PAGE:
It has been a very busy year when it comes to Microsoft zero-day attacks. According to KrebsOnSecurity, May is the only month in 2021 that Microsoft didn’t release a patch to defend against at least one zero-day exploit. And Microsoft vulnerabilities are playing a bigger role in the spate of ransomware infections organizations are grappling with than most probably are aware of (more on that below).
The issue is not the mere presence of vulnerabilities in Microsoft code – that’s something that unfortunately is almost unavoidable when you’re dealing with billions of lines of code, and most developer shops make a serious effort to weed them out before the code goes into production.
Until we find a way to reliably automate vulnerability remediation at scale, there are going to be exploitable bugs now and again.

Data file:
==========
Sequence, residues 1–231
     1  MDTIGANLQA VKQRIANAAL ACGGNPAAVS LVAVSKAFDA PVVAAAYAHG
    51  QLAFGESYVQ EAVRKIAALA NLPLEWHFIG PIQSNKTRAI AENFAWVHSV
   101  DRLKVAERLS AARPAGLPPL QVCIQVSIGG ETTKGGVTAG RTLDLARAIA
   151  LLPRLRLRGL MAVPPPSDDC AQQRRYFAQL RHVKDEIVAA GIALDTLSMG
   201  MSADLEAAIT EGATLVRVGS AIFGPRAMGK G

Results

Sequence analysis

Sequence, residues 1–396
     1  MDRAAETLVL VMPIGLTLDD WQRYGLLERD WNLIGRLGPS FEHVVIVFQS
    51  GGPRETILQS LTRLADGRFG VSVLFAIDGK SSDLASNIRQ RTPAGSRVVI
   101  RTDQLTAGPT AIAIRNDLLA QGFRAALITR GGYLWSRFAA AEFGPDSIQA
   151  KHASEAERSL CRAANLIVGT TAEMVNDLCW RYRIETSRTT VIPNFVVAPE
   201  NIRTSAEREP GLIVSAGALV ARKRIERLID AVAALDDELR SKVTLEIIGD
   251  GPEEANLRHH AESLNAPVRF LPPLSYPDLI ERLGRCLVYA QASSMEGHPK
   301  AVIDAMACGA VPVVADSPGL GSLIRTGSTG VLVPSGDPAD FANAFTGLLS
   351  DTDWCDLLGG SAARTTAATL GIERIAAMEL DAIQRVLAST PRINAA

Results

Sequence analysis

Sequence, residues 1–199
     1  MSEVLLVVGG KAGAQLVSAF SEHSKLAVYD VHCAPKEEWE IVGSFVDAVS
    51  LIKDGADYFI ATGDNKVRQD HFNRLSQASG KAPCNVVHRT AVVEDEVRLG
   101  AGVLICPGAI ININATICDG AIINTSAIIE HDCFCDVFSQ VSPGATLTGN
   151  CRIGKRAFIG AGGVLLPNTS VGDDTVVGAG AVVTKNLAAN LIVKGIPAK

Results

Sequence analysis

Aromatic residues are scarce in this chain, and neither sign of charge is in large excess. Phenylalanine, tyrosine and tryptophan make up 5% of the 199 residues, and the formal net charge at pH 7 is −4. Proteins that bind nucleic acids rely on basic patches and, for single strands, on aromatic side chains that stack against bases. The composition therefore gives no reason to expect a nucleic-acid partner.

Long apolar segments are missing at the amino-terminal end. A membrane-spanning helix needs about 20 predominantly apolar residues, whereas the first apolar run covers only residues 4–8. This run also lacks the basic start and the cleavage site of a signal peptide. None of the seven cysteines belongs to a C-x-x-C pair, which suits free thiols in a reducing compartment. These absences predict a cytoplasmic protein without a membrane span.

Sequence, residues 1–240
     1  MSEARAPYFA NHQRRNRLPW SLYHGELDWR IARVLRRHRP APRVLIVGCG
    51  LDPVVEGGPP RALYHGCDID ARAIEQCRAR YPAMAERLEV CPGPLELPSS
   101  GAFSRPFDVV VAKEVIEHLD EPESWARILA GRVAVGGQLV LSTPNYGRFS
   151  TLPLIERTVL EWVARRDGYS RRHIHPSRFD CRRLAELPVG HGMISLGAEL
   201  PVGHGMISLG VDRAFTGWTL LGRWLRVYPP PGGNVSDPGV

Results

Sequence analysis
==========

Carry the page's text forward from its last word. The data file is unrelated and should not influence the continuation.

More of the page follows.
The issue here is Microsoft’s lackluster track record in assuring fewer vulnerabilities make it to market so their customers can be more secure – and it’s security that is the real rub here.
Over the last few years, Microsoft has been making huge investments in security, but those investments are not focused on making their products more secure, they are directed at developing new product offerings in the security space.
To be clear here, Microsoft as an organization has made a conscious decision to forgo improving their product security in favor of going after new revenue streams as a security vendor.
So essentially, Microsoft – arguably the most prolific and ubiquitous IT products and services providers on the planet, and thus the biggest target for attackers – is looking to cash-in by offering to protect everyone from the vulnerabilities they introduce into the market.
Enlarge the infographic here…
This is akin to a fast food chain deciding not to make their food healthier but instead choosing to invest in fitness centers, or Big Tobacco funding cancer research instead of just ceasing to sell cancer-causing agents. And, after they have successfully conditioned us to accept the fact that their products are perpetually vulnerable with the monthly Patch Tuesday fire drills, they now want organizations to trust that they are the best choice to…